Upper Egypt.. The land beyond the temples

Development is about adaptation and innovation, and with that comes poverty reduction. The problem with the poor communities of developing countries, especially the rural ones, is that they are still stuck in a time capsule, all the while their population is growing and natural resources are diminishing. Fortunately, there are many ways to overcome these problems. Unfortunately though, the snag is in introducing them to new methods; i.e. getting them to adapt to innovative solutions.

NGOs play an evidently important role in the development of poor communities in the developing world. ENID is an example of an effectively successful program that contributes with creating more job opportunities and supporting food production and security in rural Upper Egypt.  ENID’s “Sustainable Agricultural Development” program, led by Dr. Dyaa Abdou, is one that focuses on promoting agricultural development. It works to increase the utilization efficiency of scarce natural resources as well as building the capacity of both the rural youth and women to produce and innovate.

The Sustainable Agricultural Development program supports a number of activities that aim at developing the agricultural environment and build the capacity of both the rural people as well as NGOs and governmental sectors to work together. Dr. Abdou highlights the main activities and how they are expected to benefit and up the welfare of Upper Egypt’s rural community. These include:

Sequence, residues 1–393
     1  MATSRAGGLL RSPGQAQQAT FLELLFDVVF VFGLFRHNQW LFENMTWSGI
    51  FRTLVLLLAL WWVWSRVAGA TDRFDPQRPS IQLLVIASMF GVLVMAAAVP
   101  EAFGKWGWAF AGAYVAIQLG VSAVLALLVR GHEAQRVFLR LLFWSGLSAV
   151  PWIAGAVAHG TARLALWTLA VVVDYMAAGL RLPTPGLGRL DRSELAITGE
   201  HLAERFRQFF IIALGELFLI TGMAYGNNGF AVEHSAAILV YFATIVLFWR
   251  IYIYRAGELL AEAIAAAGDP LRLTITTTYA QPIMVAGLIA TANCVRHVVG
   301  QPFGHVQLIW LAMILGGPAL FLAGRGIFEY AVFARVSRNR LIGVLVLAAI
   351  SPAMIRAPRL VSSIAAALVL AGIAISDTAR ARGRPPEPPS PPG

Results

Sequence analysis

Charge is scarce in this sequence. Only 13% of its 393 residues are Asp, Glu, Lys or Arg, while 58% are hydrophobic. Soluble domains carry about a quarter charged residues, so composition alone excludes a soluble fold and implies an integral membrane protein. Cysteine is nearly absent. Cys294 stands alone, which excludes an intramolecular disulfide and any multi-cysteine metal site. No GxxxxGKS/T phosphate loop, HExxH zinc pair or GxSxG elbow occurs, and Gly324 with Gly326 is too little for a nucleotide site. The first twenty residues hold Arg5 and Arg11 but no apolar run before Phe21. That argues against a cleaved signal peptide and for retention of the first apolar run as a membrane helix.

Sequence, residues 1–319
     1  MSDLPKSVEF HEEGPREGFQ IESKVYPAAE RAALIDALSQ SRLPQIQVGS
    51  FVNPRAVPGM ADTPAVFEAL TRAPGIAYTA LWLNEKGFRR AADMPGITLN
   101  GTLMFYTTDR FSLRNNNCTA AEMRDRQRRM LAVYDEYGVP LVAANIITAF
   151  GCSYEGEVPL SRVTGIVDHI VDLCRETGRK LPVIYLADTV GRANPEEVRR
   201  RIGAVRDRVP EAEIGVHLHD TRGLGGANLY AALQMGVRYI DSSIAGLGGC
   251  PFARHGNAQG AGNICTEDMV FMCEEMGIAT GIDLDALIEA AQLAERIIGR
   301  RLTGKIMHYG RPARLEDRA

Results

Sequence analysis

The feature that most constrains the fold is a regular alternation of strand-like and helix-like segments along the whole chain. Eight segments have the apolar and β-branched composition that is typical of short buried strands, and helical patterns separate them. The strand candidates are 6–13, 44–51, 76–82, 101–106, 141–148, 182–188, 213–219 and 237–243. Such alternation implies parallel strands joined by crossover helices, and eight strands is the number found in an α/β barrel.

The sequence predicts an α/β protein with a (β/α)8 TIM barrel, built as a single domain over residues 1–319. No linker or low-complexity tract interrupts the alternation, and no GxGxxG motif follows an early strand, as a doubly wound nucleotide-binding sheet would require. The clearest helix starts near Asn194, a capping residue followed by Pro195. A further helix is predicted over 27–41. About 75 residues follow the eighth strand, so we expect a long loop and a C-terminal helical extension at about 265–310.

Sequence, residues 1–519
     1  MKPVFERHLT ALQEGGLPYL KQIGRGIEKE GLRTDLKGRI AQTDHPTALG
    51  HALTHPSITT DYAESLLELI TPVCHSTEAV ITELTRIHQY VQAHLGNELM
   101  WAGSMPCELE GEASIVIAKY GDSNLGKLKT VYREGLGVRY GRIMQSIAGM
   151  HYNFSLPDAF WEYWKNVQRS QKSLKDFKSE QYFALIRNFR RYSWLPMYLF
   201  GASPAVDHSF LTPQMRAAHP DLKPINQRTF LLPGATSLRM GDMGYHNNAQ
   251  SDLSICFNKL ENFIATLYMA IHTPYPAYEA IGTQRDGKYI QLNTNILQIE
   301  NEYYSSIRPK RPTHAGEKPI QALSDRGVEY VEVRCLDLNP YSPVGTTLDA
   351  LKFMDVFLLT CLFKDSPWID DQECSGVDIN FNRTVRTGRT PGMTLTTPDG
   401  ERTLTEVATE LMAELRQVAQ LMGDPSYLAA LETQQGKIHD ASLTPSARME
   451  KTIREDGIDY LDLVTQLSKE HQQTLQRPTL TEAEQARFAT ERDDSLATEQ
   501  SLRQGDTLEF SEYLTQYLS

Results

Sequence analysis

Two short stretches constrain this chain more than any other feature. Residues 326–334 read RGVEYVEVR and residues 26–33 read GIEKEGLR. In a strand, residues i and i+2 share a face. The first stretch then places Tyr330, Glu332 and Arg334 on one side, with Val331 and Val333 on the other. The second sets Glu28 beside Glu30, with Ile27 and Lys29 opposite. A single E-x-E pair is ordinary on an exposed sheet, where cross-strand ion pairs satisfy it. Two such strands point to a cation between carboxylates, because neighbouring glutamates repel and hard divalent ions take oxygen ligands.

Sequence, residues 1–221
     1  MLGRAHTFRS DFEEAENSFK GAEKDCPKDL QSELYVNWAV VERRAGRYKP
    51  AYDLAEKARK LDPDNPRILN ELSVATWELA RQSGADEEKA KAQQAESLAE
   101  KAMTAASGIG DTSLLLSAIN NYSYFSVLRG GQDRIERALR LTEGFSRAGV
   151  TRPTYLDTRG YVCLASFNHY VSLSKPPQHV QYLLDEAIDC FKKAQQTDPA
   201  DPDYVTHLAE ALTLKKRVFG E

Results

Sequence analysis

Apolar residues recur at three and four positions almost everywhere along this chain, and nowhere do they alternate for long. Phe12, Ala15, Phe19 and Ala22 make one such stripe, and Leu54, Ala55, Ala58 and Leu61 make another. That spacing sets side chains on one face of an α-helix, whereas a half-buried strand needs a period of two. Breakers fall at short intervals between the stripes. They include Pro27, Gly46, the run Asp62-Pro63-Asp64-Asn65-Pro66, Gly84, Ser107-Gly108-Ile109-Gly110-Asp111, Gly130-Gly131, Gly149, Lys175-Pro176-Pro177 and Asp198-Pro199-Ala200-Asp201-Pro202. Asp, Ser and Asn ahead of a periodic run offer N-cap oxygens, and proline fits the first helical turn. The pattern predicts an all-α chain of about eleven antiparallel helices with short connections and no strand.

Integrated Fish Farms

These farms depend on solar power units to extract underground water. The integrated aspect to them emanates from the various agricultural activities hosted on the farms; including food and feed plantations, livestock, recycling agricultural waste to produce organic compost and finally producing Bio Gas to satisfy local needs for electricity/power (e.g. light, heat, cooking… etc.).

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GDNet’s outreach to policy efforts and South to South learning presented at the “Food Secure Arab World Conference”

In her reflection on the discussions that took place at the Food Secure Arab World Conference, organized by the International Food Policy Research Institute (IFPRI) and the United Nations Economic and Social Commission for Western Asia (UN-ESCWA), Doctor Sherine Ghoneim – Director GDN Cairo – brought up the following questions:

  • How can we maximize the impact of research?
  • How can we inform policy process in a timely fashion?
  • What will it take to make a difference?

Watch highlights from Sherine Ghoneim’s talk and learn more about the type of work GDNet is doing to support Southern researchers and help their research travel further to reach policymakers:

GDNet Participates in the Food Secure Arab World Conference

By Maya Madkour, GDNet

Development practitioners, researchers and policy-makers from the world over convened early February in Beirut, Lebanon to come up with a roadmap for creating a healthy, secure Arab World, free from hunger. Working together to translate research into policy, participants came from a variety of different backgrounds; and of course, GDNet was there.


The Food Secure Arab World Conference, organized by the International Food Policy Research Institute (IFPRI) and the United Nations Economic and Social Commission for Western Asia (UN-ESCWA), called for better policy implementation,  regional knowledge platforms pooling local knowledge, and collaborating with local and international partners on food, nutrition, and water security issues.

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